And then there’s my husband’s Chinese-American family. Near the end of October, Andy said, “So we haven’t seen my parents in a while.”
“Yes,” I agreed, smiling. And then stopped smiling. “Wait. Are you saying to want to go see them? Before your brother’s wedding next summer?” (Yes, Denny was finally getting married! But that’s another post.)
You may have noticed some outrage on my page these days. And those are only the public messages, not the private ones. Some people are seriously pissed at me for writing posts that do not laud childbearing.
To which I say, why? Why is it so important that we revere pregnancy and procreation?
I’m convinced that most American parents didn’t realize how much work raising a kid was when they decided to have one.
If they did, we’d have a negative birthrate.
Having a child changes your life irrevocably, in that you will have at least eighteen years with no life. A good parent prioritizes their child’s needs, especially during infancy. They endure a constant state of deprivation: sleep deprivation, cleanliness deprivation, time deprivation, and quiet deprivation.
Being an Amazonian brunette sandwiched between prettier, blonder, more petite sisters sucks. More than one guy ditched me after meeting my sisters.
Take the Boy Next Door. I pined after him for the entirety of seventh grade. He finally asked me to the last dance before school ended. Then Older Sister, who lived with Dad (I lived with our Mom) came for the summer. The Boy Next Door told me we were done, because he was in love with Older Sister. Continue reading The Boyfriend Thieves (#194)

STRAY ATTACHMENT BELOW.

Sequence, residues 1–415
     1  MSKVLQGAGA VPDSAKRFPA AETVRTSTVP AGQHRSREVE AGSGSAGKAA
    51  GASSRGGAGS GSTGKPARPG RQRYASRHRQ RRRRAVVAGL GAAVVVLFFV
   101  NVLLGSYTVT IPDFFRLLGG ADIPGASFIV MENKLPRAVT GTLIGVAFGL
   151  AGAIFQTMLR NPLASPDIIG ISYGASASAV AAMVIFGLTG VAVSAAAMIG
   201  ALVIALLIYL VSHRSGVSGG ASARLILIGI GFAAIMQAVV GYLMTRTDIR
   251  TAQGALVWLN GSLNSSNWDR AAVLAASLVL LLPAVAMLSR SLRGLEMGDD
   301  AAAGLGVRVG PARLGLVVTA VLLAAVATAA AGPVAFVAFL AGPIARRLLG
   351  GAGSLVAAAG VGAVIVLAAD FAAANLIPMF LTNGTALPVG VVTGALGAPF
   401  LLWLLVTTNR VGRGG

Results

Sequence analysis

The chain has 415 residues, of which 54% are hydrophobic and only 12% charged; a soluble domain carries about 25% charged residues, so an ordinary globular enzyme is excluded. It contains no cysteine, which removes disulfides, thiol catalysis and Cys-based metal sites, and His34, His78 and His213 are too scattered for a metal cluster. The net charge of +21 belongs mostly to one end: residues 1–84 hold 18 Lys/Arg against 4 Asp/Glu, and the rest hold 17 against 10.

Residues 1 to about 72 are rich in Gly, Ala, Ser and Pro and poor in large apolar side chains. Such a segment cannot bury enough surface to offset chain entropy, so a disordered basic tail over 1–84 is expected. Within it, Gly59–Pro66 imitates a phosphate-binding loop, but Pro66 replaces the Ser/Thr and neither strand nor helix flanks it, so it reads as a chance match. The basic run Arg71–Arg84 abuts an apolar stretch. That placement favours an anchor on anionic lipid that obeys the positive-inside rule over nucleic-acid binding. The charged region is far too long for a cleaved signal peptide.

My family collects college degrees. We have some BAs, a lot of BS, an MD, a JD, an MBA, a MSW, an MFA, and a Masters of Education. Big Brother added second MBA when he married. Judgmental Genius Doctor Sister married a second lawyer. I brought the most, though, when I added Andy — a Masters of Engineering AND a Masters in Cyber Security (so, HA, you Russian hackers, give up attacking my website already).
Everyone wants the U.S. Election to be over – by whatever means necessary.
Mothers are tired of explaining to schoolchildren that “pussy” means something other than a cat. Millennials are tired of hearing that they’ve paid more in taxes in the last five years than Donald Trump has since 1991.
In honor of Father’s Day, I’ve compiled the following timeline for a few of the worst best moments and realizations that my a Dad with too many children might have experienced. Here they are, in chronological order:
Finally being able to afford a three-story house, complete with a lovely oak bannister along the stairs.
Rejoicing as there is now enough space for your growing family (i.e., you can stop fights by putting each kid in solitary confinement).